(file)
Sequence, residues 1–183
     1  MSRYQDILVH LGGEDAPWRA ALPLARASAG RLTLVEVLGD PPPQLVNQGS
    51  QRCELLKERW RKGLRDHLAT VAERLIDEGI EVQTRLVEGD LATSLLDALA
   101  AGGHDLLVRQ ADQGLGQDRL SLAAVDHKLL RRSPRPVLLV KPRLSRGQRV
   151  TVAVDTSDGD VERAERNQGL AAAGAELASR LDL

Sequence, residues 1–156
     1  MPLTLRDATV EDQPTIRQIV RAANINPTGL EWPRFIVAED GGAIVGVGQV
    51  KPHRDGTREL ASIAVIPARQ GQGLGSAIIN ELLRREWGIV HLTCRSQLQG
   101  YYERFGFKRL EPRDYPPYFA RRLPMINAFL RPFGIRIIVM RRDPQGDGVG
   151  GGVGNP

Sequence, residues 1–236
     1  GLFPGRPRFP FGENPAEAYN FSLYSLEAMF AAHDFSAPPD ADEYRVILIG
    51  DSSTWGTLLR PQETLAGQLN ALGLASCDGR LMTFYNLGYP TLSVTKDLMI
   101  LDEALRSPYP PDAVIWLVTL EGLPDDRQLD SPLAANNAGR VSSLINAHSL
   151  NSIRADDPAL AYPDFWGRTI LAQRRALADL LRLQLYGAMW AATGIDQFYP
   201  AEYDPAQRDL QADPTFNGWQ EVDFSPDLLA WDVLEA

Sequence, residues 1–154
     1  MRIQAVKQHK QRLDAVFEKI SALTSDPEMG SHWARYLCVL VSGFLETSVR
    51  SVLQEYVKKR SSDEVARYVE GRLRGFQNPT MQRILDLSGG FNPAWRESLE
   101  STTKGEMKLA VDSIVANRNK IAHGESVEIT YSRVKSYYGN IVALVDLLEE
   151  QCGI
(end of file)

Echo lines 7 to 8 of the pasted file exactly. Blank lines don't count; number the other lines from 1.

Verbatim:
     1  MPLTLRDATV EDQPTIRQIV RAANINPTGL EWPRFIVAED GGAIVGVGQV
    51  KPHRDGTREL ASIAVIPARQ GQGLGSAIIN ELLRREWGIV HLTCRSQLQG